A geological map of the giant asteroid Vesta

Geological map of the giant asteroid Vesta. Brown colors represent the oldest, most heavily cratered surface. Purple colors in the north and light blue represent terrains modified by the Veneneia and Rheasilvia impacts, respectively. Light purples and dark blue colors below the equator represent the interior of the Rheasilvia and Veneneia basins. Greens and yellows represent relatively young landslides or other downhill movement and crater impact materials, respectively (Image NASA/JPL-Caltech/ASU)
Geological map of the giant asteroid Vesta. Brown colors represent the oldest, most heavily cratered surface. Purple colors in the north and light blue represent terrains modified by the Veneneia and Rheasilvia impacts, respectively. Light purples and dark blue colors below the equator represent the interior of the Rheasilvia and Veneneia basins. Greens and yellows represent relatively young landslides or other downhill movement and crater impact materials, respectively (Image NASA/JPL-Caltech/ASU)

A little over a year ago, an atlas of the giant asteroid Vesta was presented but the analysis of the data collected by the Dawn space probe went even further. A special issue of the journal “Icarus” was all about Vesta presenting a series of geological maps that show details never seen before the characteristics of its surface.

David Williams of the School of Earth and Space Exploration at Arizona State University led a team of 14 researchers in a task that lasted about two and a half years. The team used the photographs taken by NASA’s Dawn spacecraft when it spent more than one year orbiting Vesta to create a geological map.

Vesta is probably a protoplanet that couldn’t complete its development due to the interference of Jupiter’s gravity. It’s exactly for this reason that it’s so interesting, a kind of fossil of the early history of the solar system. Unlike other celestial bodies such as some comets or some asteroids, which have remained almost unchanged for a few billions of years, Vesta suffered several impacts because it’s part of the asteroid belt between Mars and Jupiter.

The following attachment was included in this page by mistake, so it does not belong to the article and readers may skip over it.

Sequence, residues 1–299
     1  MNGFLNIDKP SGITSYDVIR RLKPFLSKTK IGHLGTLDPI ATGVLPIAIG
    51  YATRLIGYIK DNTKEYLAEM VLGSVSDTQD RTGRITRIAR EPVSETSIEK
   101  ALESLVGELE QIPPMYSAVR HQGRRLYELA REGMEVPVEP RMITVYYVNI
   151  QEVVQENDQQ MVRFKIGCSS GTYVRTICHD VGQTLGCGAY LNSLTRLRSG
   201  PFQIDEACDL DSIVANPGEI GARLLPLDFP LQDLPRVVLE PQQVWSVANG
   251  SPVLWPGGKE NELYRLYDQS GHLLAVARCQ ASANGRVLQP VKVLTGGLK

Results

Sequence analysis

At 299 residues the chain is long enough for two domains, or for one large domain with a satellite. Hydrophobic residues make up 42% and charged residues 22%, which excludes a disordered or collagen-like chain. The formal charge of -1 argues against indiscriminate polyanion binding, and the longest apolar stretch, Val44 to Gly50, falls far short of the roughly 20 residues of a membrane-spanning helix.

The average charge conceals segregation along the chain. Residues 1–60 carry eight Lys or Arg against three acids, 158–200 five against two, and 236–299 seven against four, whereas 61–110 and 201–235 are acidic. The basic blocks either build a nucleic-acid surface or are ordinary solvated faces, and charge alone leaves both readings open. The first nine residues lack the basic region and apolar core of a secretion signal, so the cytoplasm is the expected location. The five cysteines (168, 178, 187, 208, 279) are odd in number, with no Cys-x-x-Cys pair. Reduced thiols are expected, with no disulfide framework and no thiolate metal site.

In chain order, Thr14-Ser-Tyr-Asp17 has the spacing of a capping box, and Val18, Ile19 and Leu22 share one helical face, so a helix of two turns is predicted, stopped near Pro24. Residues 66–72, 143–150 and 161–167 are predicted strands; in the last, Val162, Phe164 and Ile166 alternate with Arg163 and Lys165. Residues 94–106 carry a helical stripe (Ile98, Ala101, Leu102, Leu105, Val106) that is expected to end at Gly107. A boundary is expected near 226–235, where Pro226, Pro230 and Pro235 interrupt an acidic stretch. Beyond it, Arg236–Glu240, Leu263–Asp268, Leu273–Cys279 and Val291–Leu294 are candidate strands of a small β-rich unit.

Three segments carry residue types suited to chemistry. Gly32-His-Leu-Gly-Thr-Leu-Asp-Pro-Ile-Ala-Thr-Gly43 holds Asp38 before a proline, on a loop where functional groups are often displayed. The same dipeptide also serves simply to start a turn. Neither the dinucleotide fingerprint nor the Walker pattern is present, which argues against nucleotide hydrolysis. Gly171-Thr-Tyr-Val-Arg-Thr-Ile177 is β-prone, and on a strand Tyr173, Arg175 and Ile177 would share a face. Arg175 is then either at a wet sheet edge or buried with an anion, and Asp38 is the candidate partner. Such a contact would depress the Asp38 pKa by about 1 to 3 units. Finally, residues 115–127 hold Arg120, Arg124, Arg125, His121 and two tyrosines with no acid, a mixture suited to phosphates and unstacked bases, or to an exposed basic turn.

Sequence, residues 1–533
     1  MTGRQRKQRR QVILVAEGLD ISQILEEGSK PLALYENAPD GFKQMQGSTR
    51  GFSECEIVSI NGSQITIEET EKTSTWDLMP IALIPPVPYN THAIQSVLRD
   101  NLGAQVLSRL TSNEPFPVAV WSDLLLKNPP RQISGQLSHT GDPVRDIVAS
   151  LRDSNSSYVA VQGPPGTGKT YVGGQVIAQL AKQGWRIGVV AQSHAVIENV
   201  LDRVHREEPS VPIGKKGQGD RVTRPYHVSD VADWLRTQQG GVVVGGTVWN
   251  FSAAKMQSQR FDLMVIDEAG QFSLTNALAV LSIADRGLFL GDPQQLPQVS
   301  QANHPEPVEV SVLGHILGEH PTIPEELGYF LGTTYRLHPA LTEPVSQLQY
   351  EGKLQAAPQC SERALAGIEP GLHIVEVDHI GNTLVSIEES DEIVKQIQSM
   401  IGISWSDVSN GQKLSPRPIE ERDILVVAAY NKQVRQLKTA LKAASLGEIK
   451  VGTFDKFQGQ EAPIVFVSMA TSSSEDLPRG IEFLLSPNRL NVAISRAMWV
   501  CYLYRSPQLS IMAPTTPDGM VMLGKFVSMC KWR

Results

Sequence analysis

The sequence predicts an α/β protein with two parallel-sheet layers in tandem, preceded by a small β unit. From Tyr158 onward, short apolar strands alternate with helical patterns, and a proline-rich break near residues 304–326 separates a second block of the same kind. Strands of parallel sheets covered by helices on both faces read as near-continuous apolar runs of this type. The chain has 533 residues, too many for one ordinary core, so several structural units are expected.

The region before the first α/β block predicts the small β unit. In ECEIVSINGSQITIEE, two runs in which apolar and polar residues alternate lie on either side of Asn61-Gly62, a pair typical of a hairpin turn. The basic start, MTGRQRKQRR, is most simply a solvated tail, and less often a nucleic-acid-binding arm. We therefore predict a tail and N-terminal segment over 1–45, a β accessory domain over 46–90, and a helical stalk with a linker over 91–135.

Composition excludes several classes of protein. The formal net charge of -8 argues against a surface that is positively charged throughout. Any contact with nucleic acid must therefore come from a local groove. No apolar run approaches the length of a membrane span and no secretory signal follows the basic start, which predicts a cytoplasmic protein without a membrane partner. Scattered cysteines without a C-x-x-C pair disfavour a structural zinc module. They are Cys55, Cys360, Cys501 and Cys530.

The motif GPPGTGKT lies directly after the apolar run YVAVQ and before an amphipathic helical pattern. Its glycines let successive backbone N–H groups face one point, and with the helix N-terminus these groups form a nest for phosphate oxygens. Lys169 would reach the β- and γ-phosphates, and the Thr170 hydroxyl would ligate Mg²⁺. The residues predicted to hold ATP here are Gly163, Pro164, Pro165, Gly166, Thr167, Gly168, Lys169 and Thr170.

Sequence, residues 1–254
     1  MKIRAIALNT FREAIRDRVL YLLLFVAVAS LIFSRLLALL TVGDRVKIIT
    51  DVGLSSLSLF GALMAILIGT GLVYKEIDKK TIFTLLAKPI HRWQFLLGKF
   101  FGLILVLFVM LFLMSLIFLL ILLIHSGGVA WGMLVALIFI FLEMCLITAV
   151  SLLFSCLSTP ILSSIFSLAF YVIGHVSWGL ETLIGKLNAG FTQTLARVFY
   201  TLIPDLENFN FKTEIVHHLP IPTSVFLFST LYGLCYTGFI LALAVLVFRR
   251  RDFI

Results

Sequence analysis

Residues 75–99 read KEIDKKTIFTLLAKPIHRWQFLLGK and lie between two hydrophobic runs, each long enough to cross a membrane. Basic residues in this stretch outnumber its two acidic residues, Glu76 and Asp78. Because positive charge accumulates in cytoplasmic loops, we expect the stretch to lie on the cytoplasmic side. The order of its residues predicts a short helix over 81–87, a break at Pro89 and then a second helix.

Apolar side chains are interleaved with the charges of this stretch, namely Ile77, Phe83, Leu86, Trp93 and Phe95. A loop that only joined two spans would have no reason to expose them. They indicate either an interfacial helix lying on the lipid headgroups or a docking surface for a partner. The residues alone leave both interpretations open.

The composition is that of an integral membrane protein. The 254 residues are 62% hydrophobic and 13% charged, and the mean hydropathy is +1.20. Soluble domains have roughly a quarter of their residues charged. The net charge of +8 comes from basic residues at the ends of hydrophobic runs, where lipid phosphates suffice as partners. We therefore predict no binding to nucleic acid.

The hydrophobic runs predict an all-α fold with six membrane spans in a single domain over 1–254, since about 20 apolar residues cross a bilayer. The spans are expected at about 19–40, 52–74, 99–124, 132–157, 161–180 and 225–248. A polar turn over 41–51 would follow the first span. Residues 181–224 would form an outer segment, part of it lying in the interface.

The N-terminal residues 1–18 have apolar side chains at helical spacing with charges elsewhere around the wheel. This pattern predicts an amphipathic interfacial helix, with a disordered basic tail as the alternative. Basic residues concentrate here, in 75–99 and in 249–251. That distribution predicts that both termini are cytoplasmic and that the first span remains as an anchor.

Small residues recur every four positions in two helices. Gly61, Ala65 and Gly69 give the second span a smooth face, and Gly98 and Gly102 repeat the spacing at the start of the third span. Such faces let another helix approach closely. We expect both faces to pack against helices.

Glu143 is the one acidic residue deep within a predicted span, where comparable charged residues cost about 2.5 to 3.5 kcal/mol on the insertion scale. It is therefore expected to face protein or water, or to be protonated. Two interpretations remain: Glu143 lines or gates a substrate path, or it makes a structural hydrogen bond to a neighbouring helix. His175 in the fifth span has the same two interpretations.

All of that makes Vesta worthy of the many thorough studies carried out in recent years. In the case of this geological study, the researchers studied the surface of the giant asteroid to determine the chronology of events that made it what we see through the photos of the Dawn space probe.

This work was made difficult by the fact that the researchers had only images available, not Vesta’s soil samples. For this reason they developed models based on the frequency of impacts on the Moon and asteroids. The conclusion is that the crust of Vesta has an age between 2.1 (according to the asteroids model) and 3.7 billion years (according to the lunar model).

Vesta has three very large craters. The age of the crater Rheasilvia has been estimated between 1 and 3.5 billion years, depending on the model applied. The age of Veneneia is estimated between 2 and 3.7 billion years. The age of Marcia crater is estimated between 120 and 390 million years, which means that it’s fairly recent in geological terms. Therefre those are far from accurate estimates showing that the models have to be adapted to an object different from normal asteroids and the Moon.

The researchers, however, were able to create a geological map of Vesta using panchromatic images obtained by the Dawn space probe’s framing camera. It also provided a context for a lot of information obtained by the VIR (Visual and infrared spectrometer) and Grand (Gamma Ray and Neutron Detector) instruments.

This and other research on Vesta can be difficult to understand because it’s an asteroid really far away. They’re important because the nature and history of the protoplanet left there many signs of the solar system’s history. Studying Vesta, scientists are learning something new about the formation of planets in general and those of the solar system in particular.

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